Leek for the belly

We know leeks – also called leeks in some regions – from dishes such as tarte flambee, curry or quiche. A relative of onion and garlic, it brings a particularly spicy flavor to your kitchen and convinces with versatility and ease of use.

Leeks, like onions and garlic, grow from an onion-like root, the aroma is mildly sweet and oniony.

Leek plants form long, round stems, two to three centimeters thick, that are white at the bottom and turn more and more green toward the top, forming leaves. Depending on the harvest time, a distinction is made between summer, autumn and winter leeks. Since leeks often trap soil as they grow, they must be thoroughly cleaned before use. To do this, it is best to remove the outer leaves and the root base, then cut the leek lengthwise from the top to just above the end. So it washes out well. Once the root and unsightly ends of the dark green leaves are removed, you can use the entire stem. If you eat it raw, you should avoid the dark leaves, as they can be very tough and bitter.

Leeks can be boiled, steamed, stewed or gratinated. It not only makes a good flavor carrier in vegetable soups, but also refines stews and casseroles and serves as a vegetable garnish for meat or fish. If leeks are to be eaten raw, they should be blanched – except for very young summer leeks. For example, carrots, potatoes, peppers, parsley (parsley root), mustard, dill, bay leaves, thyme and celery salt go very well with leeks.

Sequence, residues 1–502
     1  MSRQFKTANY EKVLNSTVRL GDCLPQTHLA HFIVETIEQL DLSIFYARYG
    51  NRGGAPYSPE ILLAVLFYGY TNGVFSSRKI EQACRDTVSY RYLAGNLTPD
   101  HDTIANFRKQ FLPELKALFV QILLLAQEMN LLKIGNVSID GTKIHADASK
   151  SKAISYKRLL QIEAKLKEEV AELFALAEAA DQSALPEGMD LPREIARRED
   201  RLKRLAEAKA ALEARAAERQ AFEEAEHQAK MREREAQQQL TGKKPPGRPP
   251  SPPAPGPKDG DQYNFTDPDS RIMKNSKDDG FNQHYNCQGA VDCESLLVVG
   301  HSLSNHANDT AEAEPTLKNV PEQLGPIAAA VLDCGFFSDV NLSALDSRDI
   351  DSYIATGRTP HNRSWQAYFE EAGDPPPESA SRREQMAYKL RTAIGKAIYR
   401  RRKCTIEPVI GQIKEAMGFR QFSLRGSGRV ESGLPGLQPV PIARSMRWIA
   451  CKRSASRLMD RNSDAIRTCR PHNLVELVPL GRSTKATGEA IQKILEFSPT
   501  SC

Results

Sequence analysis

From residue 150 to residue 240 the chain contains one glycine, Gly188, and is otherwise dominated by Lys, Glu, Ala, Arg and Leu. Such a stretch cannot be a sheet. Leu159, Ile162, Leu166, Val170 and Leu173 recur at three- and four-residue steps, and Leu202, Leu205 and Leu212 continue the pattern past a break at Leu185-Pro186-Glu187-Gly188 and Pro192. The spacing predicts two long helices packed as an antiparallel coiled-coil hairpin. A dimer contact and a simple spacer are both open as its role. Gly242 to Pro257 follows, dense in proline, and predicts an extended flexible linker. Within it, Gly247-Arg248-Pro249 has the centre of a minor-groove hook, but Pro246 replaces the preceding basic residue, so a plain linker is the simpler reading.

Off to the fresh box

If you do not want to use the whole stalk at once, it is best to store the rest in the vegetable compartment of the refrigerator and use it up within a week. However, you should be careful not to keep ethylene producers such as apples or pears near it, because it is very sensitive to them and spoils quickly. It is best to store the leftovers cleaned, washed and cut in fresh containers, so that the leeks are well protected and in turn do not give off any odor to butter, fruit or other vegetables in the refrigerator. Of course, it is even easier if you take our ready chopped leek pieces – they always stay fresh and are stored in a can for a long time.

Leeks for the belly

Leek contains among others vitamins A, B1, B2, C, E and K. It is also rich in folic acid, the minerals potassium, calcium and magnesium, and the trace elements iron and manganese. Due to its sulfur-containing ingredients it has an infection-inhibiting and healing effect. Thus, leeks promote kidney activity, prevent the formation of kidney stones and stimulate digestion and bile activity. Leek is also helpful for bronchial diseases. Leek oil contains allicin, a sulfuric substance that cleans up the stomach and intestines of harmful bacteria and fungi that are particularly fond of fast foods containing sugar and carbohydrates and can cause us all kinds of problems. Leek is the intestinal health vegetable par excellence. And finally, hardly any vegetable is as effective against age-related vasodilatation as the leek.

Curious leek know-how

  • Emperor Nero used to have a leek day once a week, because the mustard oils contained in leeks were supposed to make his voice more melodious (he considered himself a brilliant singer – but we can’t say how his environment saw this and whether the leeks helped ;-))
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